For a legend that helped usher in an entire city and region to prominence, Big Boi is comfortably perched within the lexicon of Hip Hop icons. There’s no denying Daddy Fat Sax’s dominance and confidence throughout his career. Unfortunately, the ATLien’s solo game hasn’t paralleled his tenure within the mighty Outkast and his fourth (if you rightfully count the Grammy Award-winning Speakerboxxx) solo effort in Boomiverse isn’t going to change that.
Sonically, Boomiverse traverses through a landscape of overused synths to force a cosmic, universal theme devoid of the “boom” the title alludes to. What should have been a blockbuster affair with all-star Hip Hop production courtesy of Organized Noize, DJ’s Dahi and DJ Khalil, Scott Storch, and Mannie Fresh largely comes up short in an attempt to incorporate too many musical genres into one singular product. The finished result is a clusterfuck of inconsistent harmonies, which will surely bring out the Nick Young puzzled faces.
To be a Hip Hop icon over the course of three different decades, tracks like the stale rug-cutter “Chocolate,” and “Freakanomics” — with its lethargic electro turn-up — should not be highlighted on the album, let alone exist Antwan Patton’s vault. The aforementioned songs not only represent a downshift in quality for his discography, they feature quite possibly some of the laziest hooks he’s ever been apart of. “Get Wit It” sees Big Boi squander a Snoop Dogg collaboration over a head-scratching Organized Noize production best suited for 00’s era album cut. While Big Boi opens with some of the most potent bars of the album (One of the last rap niggas snappin’, niggas playing sleep I’m St. Nick with the package/Blessed with the gift and only 3 Stacks can match me, light years ahead of you niggas another galaxy), it quickly crumbles with its flanked outdated production and a flat hook. “Overthunk” also features a painfully struggle hook by Eric Bellinger, who doesn’t sound enthused to be on whatever planet the record aims to personify.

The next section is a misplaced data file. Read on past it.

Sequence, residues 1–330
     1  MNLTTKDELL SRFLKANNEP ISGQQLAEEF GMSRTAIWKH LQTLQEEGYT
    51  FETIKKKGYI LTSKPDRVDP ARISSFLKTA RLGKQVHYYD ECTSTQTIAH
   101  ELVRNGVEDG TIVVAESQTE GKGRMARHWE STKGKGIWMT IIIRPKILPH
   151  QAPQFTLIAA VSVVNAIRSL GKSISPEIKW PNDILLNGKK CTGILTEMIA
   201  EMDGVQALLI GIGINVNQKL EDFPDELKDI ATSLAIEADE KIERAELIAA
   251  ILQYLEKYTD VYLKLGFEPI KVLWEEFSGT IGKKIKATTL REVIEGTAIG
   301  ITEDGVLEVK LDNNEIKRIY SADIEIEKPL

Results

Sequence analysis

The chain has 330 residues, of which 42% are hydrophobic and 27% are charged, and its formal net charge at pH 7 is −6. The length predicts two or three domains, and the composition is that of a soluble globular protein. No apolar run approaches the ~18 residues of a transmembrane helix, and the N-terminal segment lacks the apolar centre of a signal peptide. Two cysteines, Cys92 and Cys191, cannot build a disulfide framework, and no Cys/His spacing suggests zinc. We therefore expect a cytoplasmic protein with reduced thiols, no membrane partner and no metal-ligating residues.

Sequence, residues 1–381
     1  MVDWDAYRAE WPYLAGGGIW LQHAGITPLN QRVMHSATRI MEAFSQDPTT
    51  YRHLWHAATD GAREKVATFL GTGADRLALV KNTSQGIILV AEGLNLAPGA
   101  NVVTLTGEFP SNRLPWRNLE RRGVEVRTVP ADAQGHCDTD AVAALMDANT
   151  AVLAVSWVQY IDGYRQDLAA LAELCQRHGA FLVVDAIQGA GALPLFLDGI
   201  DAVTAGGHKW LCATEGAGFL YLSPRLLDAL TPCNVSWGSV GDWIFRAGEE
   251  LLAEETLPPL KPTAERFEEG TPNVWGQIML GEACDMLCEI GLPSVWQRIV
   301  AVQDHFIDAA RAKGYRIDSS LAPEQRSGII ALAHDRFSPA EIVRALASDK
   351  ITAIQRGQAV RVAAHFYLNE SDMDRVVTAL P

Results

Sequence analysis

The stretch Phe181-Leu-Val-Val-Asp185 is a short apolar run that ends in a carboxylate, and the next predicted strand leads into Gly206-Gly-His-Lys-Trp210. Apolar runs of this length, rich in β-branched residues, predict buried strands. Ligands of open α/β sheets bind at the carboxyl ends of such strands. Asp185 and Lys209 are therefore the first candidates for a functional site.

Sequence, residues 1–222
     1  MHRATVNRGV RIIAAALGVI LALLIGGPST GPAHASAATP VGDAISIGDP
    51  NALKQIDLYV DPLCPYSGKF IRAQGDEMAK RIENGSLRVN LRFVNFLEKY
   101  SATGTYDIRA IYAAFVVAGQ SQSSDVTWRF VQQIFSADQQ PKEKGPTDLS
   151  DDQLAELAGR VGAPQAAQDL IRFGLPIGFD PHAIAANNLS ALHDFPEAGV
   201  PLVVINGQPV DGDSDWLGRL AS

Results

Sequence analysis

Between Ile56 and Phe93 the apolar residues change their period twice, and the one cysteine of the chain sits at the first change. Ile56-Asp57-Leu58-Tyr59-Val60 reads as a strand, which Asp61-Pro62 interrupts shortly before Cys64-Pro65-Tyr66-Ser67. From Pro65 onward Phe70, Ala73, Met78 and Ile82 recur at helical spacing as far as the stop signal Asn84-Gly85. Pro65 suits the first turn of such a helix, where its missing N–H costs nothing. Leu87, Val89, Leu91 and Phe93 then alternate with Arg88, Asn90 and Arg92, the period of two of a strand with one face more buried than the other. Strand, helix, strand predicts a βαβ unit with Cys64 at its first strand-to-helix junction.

Not all is lost as Big Boi is able to capture the magic we know him for on the Killer Mike and Young Jeezy-assisted “Kill Jill,” which is a candidate for 2017’s best pure rap cut. The South wins big with Gucci Mane and Pimp C doing what they do on“In The South” and “Follow Deez” boosted by Curren$y and Killer Mike yet again. Jeezy laced Big Boi with the strongest hook on the album while Killer Mike, Gucci and the late Sweet James Jones help connect the dots for Day 1 Outkast fans.
Ironically, the Dr. Luke-produced “All Night” makes for the most unsuspecting satisfying soundbed for Big to drip his syrupy Southern drawl. Big drips Southernplayalistic sauce over Luke’s antebellum laced piano riffs with bars like, “It’s alright it’s ok, everybody gonna say what they wanna say/Players gonna play when they wanna play, Long way, only for one night like Luther Vandross right.”
Big Boi is, and forever will be, a Hip Hop luminary. His lyrical prowess and flow ranks amongst the top of the game. However, no mortal man is above reproach or criticism. While there are moments on Boomiverse that reminds you of who you’re listening to, the lows are painful and distracting, to say the least. Weak production and terrible hooks drown out the enjoyable moments of the supposed intergalactic trip. Mr. Patton is too far in his career to release an album that just circles the bases. From Vicious Lies And Dangerous Rumors to Big Grams and now Boomiverse, we’re still waiting on Big Boi to single-handily take Southern Hip Hop to the next level. After all, he helped create the manual in the first place.